at 100 stores across Taiwan
date visited: 11/26/2006
Mos.co.jp Mos Burger menu for Japan (Japanese only)
Mos Burger Corp (English)
You've probably spotted the red and white M logo somewhere on the street or in a food court if you wandered Taipei enough. The concept for their most popular burgers is actually pretty straightforward- it's like a teriyaki beef bowl masquerading as a burger- instead of a bun, you get rice smushed into two compact patties surrounding your filling (choose between beef, chicken, pork, seafood or vegetables.) To fill out the menu, there are fries, hot dogs, fried chicken or shrimp sides, dessert and regular hamburgers.
On this day, we hit a small shop on Min Sheng East Road for a to-go order for our whole family. We got there a bit before 12 noon on a Saturday, so we didn't have to wait long to order.. but we did wait quite awhile for our food because the cashier left some of the burgers off our order after my uncle used a coupon and they started to get busy with the lunch rush.
When we finally got our food, our chili dog (NT$65) was just a hot dog (NT$55). We asked for them to put on some chili (and offered to pay the difference), but they firmly denied our requests by saying it "wasn't possible" nor could they give us chili on the side. After some nagging, they made us a new chili dog which was just a tiny bit of chili spread on the hot dog with some jalepenos on top. (You'd be better off with the hot dog from Costco).
The best bet is to stick to the basics- the Yakiniku beef burger (NT$65). It is thin slices of beef marinated with sweet teriyaki-like sauce, and the grilled beef is tender though I think the ratio of beef to rice could be improved with more beef. I always seem to have rice leftover. The rice patties are supposed to be grilled, although they don't have a crunchy edge and end up soaking up the juice and falling apart into the wrapping.
I also like the Kinpira burger (NT$60), which has sauteed burdock, carrots, bamboo shoots, a piece of nori seaweed and a kick of spice with the Kinpara style sugar and soysauce.
I wouldn't bother with the fried shrimp (NT$55) or chicken (NT$52) - they are a bit stale and overfried, probably fried from frozen goods. The flavor of the fried chicken was not bad, but it was just not worth ordering again. I tried the seafood burger (NT$70) a few years ago and also didn't care for it. They also have fried cutlet burgers and new burgers every so often.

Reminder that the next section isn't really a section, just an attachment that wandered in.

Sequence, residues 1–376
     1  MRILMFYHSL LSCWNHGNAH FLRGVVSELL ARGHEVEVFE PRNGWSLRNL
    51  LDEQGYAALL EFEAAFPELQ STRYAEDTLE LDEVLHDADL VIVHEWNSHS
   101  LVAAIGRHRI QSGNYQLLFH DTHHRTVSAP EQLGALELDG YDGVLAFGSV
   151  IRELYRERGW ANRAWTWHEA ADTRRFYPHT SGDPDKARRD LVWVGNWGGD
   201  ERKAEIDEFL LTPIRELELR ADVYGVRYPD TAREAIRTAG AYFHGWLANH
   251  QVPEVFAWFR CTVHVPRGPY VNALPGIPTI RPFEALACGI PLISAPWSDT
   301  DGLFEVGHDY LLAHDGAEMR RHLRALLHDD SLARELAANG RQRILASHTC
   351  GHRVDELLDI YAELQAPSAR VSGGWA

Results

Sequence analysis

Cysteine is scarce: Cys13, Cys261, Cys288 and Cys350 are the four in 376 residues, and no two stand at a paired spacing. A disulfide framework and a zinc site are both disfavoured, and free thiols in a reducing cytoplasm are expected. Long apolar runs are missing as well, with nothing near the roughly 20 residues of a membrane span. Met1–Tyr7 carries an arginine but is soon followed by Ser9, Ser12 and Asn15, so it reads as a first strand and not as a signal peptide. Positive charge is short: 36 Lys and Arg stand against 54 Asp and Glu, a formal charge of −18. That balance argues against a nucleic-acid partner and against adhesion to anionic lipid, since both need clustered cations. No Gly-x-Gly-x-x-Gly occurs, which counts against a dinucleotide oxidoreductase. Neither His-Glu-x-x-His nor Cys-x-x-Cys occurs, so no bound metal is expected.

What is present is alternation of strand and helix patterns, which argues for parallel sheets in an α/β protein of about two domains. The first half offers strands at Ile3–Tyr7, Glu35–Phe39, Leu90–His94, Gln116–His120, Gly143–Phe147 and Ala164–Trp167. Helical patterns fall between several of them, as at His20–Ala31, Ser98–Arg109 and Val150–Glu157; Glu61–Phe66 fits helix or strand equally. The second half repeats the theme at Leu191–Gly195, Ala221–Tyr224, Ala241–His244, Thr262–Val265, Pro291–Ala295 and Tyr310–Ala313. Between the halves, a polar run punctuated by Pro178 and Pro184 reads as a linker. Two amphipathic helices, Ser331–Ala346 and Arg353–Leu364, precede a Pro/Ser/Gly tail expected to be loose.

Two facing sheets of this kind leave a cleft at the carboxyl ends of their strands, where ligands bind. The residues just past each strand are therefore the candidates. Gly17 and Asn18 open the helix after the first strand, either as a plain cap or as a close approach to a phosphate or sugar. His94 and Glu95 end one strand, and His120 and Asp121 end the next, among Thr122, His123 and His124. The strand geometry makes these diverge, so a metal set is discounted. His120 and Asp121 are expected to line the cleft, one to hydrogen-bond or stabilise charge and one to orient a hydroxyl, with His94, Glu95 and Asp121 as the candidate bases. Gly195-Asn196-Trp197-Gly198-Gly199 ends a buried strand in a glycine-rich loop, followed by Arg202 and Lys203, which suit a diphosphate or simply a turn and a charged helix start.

I think the reason why Mos Burger works is because people who love rice can eat it on the go, rather than having to sit down with chopsticks. The packaging and design is even made for eating it on the go- the thin styrofoam wrapping is easily unpackaged and creates a pocket for you eat and try to keep the mess contained.
It feels a tad healthier than eating a burger, although I think the size of the burgers is small. You might need two or three burgers to fill up if you were pretty hungry. (On this lunch, I had a Yakiniku and a Kinpira (leaving some of the rice behind) and was still a little hungry) It's pretty clean and nice inside for a fast food place though I'm sure each location is different. Also, if you love Mos Burger enough to eat it often, you should buy a pack of gift certificates because with NT$1000, you can get a few coupons for free burgers. This location has menu items listed in English, though it's hard to know what "Shogayaki" or "Konnyaku" burgers are if you have never eaten there before (Shogayaki is ginger pork and Konnyaku is firm jelly that is high in fiber) according to a quick google). There are menus with pictures on the wall, but not with English subtitles. So you will probably just point at the ones that look good at the counter if you don't speak Chinese.
Although it's a chain from Japan, it's often one of the "must-try" items on a list of touristy things to eat in Taipei (which I've found include Mr. Donut (another Japanese eatery), Din Tai Fung and night market food). The concept of rice patties and yakiniku beef is popular enough to be co-opted by the local McDonalds, although I have to say I haven't tried the ones at McDs yet. At prices under NT$60-$100 (or ~US$2-3), it's definitely affordable to try at least once to see if you like it, although portion for price, I think you can get better values with your local food court, although it won't be as easy to eat on the run.